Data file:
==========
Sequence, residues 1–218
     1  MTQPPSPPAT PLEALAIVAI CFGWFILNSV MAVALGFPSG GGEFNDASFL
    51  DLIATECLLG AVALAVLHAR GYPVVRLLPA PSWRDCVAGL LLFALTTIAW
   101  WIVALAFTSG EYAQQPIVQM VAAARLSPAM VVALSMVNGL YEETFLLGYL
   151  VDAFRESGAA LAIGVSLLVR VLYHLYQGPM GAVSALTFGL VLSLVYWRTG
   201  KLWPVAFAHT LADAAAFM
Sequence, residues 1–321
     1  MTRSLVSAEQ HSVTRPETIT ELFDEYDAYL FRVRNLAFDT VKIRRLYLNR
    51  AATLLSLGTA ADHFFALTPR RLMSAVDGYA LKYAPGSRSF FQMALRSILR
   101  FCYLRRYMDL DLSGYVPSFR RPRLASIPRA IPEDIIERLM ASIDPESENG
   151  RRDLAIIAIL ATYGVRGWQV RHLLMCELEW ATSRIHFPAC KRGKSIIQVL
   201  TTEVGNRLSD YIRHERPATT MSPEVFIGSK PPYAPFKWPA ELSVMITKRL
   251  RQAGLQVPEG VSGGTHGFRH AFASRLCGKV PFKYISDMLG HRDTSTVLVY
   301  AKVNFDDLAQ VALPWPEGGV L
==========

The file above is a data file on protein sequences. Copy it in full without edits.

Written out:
Sequence, residues 1–218
     1  MTQPPSPPAT PLEALAIVAI CFGWFILNSV MAVALGFPSG GGEFNDASFL
    51  DLIATECLLG AVALAVLHAR GYPVVRLLPA PSWRDCVAGL LLFALTTIAW
   101  WIVALAFTSG EYAQQPIVQM VAAARLSPAM VVALSMVNGL YEETFLLGYL
   151  VDAFRESGAA LAIGVSLLVR VLYHLYQGPM GAVSALTFGL VLSLVYWRTG
   201  KLWPVAFAHT LADAAAFM
Sequence, residues 1–321
     1  MTRSLVSAEQ HSVTRPETIT ELFDEYDAYL FRVRNLAFDT VKIRRLYLNR
    51  AATLLSLGTA ADHFFALTPR RLMSAVDGYA LKYAPGSRSF FQMALRSILR
   101  FCYLRRYMDL DLSGYVPSFR RPRLASIPRA IPEDIIERLM ASIDPESENG
   151  RRDLAIIAIL ATYGVRGWQV RHLLMCELEW ATSRIHFPAC KRGKSIIQVL
   201  TTEVGNRLSD YIRHERPATT MSPEVFIGSK PPYAPFKWPA ELSVMITKRL
   251  RQAGLQVPEG VSGGTHGFRH AFASRLCGKV PFKYISDMLG HRDTSTVLVY
   301  AKVNFDDLAQ VALPWPEGGV L